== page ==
Vinland Map. Public domain.
Mainstream history takes this theory as seriously as the one that the Knights Templar possessed the Ark of the Covenant and the Holy Grail (i.e., as a myth). Mainstream history claims to operate on hard facts, which is understandable, but it is also known to have propagated a myth, namely that Christopher Columbus discovered America. This myth is still being taught in schools and even defended by countries on whose coasts lie wrecks of ancient ships. (1) For a thousand years there was oral and written evidence that the Norse were acquainted with North America. The kings of Norway knew of their exploits, as did the Catholic Church. For example, bishop Gnuppson visited Vinland, the name given to North America, in 1118. Perhaps his report, too, is awaiting discovery in the Vatican Secret Archives. (2) The Norse travelled to Vinland for over three centuries and likely produced a map of it or contributed to one. The so-called Vinland map, which shows a portion of Canada, was dated to 1434 by the University of Arizona, although not everyone accepts this date. (3) The last recorded voyage to Vinland occurred in 1347, but the map was not drawn for another eight decades. There is a gap between the 1300s and the 1400s that we are led to believe no one could have filled.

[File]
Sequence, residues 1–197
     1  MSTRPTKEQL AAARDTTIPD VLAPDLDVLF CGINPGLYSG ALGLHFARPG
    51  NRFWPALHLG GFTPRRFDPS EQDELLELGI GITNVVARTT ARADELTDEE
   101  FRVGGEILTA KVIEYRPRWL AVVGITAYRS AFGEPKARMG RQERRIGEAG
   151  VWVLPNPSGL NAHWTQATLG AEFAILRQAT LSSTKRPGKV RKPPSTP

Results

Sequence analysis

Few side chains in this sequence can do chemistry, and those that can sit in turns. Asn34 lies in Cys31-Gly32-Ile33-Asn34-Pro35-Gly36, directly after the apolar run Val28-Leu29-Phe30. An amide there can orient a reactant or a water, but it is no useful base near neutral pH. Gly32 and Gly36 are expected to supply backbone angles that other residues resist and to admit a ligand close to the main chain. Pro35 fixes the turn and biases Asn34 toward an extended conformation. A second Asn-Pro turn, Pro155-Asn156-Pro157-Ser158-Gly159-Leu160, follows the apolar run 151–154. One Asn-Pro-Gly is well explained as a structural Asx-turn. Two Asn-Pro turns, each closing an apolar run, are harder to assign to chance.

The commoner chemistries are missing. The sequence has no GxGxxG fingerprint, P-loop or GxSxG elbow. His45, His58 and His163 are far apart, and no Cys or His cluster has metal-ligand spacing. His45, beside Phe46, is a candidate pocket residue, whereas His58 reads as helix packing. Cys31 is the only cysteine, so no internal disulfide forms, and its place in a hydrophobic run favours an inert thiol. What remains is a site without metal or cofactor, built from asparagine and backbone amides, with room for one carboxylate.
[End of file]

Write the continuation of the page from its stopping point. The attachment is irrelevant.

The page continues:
The problem of transport has been the main hurdle in the theory that someone else besides the Vikings could sail on the ocean. History tells us that the Knights Templar could not have crossed the Atlantic because their ships were not equipped for such a long and perilous journey. The Templar galleys were supposedly built for sailing in the Mediterranean, with its shallow waters, weak tides and the nearness of coast littered with ports where sailors could get provisions. To cross the Atlantic, one needed a larger ship that could sail into the wind. This may be true, but it did not keep the Basque fishermen from frequenting Canada’s Grand Banks in the 1400s and some say as early as the 1300s. (4) The legend of St. Brendan braving the ocean in a coracle also shows that a small vessel was capable of making such a trip. (5) Numerous artifacts found in New England suggest that the Celts from Iberia also knew about the land to the west. (6) A Shoshone Indian from the United States recognized words in the language of the Basques, who live in modern Spain. (7) Quite famous is Rosslyn Chapel in Scotland from the mid-1400s, which contains stone carvings of five different plants native to North America. (8) If Celts, Basques and Scots visited North America well before 1492, could the Knights Templar not have done the same?